On Jan 7, 2013, at 10:19 PM, Cameron Jack wrote:

> Hi, I hope I'm writing to the right area (if not, please point me in the 
> right direction and I'll go on my way).
> 
> I have a set of tools that our team have built and been using for functional 
> genomics analysis, which I would like to integrate into Galaxy. 
> 
> My first concern is with the tests. Our code is unit tested but one script is 
> tasked with downloading gene sets from Ensembl. We have a local copy of much 
> of the Ensembl DB (5TB worth) and even this is fairly slow to pull from (5-10 
> mins). Pulling from the publicly available Ensembl site would be horrifically 
> slow. Since it's stated here: 
> http://wiki.galaxyproject.org/Admin/Tools/Writing%20Tests that functional 
> tests are required, I'm looking for suggestions as to how to meet this 
> requirement without taking up an hour of the test runner's time (for one 
> tool).

Hi Cameron,

Tests should be self-contained so that they can be run without requiring 
external network access.  You may want to consider providing your Ensembl data 
as locally cached reference data rather than downloaded by the tool itself.

If the tool needs that locally cached data to run tests, what we generally do 
is take the smallest possible subset of the reference data that will allow you 
to test proper tool operation and provide this with the tool as test data.

> My second question is if a file is produced by a script and given a specific 
> name based on its inputs, how should I (if at all) define the output of this 
> script.

Does the tool work from the UI?  For Galaxy to find a tool's output, it has to 
be written to the output dataset path provided by Galaxy when the job is run.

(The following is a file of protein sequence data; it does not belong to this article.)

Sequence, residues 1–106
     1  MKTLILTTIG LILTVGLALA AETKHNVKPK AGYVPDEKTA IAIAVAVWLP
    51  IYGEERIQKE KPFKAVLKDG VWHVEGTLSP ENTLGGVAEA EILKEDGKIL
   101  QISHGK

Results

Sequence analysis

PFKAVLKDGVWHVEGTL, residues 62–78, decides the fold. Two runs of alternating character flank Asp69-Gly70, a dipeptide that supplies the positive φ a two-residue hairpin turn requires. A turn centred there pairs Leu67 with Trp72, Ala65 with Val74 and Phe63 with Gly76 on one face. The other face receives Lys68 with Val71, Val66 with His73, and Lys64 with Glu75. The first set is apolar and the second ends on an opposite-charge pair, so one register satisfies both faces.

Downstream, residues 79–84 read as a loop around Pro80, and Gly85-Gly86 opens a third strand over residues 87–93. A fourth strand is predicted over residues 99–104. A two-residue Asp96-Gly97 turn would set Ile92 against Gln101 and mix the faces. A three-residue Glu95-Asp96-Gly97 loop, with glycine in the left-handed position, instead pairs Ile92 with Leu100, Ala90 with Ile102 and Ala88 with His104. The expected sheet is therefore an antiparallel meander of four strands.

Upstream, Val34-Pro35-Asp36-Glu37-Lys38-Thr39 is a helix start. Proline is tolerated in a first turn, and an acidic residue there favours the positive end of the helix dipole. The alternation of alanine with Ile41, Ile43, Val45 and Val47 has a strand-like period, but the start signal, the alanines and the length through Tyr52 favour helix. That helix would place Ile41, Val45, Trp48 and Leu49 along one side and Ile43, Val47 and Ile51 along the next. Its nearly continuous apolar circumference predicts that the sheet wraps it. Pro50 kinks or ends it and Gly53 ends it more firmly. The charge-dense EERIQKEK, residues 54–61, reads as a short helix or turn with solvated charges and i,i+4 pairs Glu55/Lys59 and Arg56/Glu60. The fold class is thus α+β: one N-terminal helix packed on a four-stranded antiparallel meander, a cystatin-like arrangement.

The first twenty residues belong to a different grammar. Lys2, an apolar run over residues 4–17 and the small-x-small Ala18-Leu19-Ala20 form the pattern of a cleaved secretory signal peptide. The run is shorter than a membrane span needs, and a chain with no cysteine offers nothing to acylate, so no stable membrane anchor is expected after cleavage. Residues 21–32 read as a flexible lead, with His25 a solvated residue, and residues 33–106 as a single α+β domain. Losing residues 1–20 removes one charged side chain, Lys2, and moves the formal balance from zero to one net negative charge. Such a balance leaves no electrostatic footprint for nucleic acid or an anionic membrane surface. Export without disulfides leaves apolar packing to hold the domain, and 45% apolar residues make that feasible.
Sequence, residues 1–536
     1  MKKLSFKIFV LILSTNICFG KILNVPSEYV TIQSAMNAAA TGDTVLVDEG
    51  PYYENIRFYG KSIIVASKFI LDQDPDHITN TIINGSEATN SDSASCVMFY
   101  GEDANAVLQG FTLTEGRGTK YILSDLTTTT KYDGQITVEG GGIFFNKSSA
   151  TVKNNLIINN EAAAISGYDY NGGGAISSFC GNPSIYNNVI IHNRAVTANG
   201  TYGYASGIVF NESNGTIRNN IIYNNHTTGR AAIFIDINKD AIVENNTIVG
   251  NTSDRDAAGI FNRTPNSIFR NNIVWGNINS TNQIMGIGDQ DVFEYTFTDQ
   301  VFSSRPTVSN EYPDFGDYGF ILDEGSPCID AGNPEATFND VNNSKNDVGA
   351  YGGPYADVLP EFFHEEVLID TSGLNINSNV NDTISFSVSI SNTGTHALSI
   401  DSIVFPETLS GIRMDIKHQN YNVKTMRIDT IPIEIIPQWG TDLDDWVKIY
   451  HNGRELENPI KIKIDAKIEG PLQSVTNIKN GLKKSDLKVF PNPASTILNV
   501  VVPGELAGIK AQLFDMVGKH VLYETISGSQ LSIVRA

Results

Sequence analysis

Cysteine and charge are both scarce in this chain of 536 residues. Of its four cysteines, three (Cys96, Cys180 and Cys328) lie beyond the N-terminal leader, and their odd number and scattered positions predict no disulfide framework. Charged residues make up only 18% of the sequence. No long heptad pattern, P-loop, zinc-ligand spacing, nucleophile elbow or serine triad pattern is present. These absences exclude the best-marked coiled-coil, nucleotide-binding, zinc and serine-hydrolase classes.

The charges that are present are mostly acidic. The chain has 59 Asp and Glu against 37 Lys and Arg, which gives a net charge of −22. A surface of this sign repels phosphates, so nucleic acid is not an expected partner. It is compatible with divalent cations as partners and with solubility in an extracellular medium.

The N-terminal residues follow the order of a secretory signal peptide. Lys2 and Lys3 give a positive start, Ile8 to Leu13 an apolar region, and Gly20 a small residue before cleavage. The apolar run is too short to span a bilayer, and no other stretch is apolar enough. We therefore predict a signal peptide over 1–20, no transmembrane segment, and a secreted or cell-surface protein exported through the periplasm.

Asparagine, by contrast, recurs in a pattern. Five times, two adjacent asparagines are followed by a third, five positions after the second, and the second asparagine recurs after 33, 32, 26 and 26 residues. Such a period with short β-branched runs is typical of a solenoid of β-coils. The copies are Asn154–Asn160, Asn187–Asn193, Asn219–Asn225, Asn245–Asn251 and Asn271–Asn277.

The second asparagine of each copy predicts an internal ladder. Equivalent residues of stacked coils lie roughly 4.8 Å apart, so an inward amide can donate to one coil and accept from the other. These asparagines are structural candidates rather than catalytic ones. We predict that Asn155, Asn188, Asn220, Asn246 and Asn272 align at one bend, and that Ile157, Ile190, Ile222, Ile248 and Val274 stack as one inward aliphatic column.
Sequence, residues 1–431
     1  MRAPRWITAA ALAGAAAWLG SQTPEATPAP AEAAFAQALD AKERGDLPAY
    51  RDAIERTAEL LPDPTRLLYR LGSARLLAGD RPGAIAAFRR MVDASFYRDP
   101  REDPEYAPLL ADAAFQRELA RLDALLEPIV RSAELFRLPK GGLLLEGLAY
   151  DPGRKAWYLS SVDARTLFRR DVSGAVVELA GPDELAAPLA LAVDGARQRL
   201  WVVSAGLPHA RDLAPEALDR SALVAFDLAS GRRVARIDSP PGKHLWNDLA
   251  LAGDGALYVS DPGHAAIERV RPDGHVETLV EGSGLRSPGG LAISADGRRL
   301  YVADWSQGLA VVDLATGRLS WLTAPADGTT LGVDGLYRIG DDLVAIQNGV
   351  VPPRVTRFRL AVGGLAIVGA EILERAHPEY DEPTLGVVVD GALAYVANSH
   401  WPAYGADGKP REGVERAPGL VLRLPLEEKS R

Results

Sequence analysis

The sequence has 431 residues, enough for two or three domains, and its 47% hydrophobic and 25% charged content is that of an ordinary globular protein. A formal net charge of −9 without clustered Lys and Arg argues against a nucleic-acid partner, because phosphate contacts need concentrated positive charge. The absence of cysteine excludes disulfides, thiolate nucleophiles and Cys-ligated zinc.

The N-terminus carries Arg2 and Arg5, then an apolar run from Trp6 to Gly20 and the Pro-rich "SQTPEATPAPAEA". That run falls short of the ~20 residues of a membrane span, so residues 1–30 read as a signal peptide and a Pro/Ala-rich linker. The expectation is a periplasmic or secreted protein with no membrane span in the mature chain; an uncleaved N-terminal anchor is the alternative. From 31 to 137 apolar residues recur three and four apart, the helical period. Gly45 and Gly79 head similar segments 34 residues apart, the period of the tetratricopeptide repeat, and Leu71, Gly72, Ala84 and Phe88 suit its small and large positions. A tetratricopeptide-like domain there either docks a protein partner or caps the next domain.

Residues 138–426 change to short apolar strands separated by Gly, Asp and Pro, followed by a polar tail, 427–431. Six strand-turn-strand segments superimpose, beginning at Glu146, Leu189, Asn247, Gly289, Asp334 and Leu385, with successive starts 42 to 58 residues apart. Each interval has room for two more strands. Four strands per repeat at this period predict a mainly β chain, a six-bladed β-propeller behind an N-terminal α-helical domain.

For tools that hardcode output names there are a few options: the 
'from_work_dir' attribute on the output dataset tag, or having a wrapper script 
around the tool that does the appropriate move after the wrapped tool has 
finished executing.

> My last question is "how much functional testing is required?". I have a 
> script here whose job is to produce plots of data. There are about 30 
> command-line options and many of these have multiple choices available to 
> them. Do I need to provide functional tests for every one of these? I can 
> imagine having to provide 100 PNG files to compare my output again....

Coverage of all of the possible option combinations is not necessary.  Most 
tools have 2-4 tests, some will have more, but usually less than 10.  I would 
suggest testing the option combinations most likely to be used.

--nate

> I have searched for answers to the above (made much more tricky thanks to 
> Samsung), I don't wish to waste anyone's time.
> 
> Many thanks in advance,
> Cameron
> 
> 
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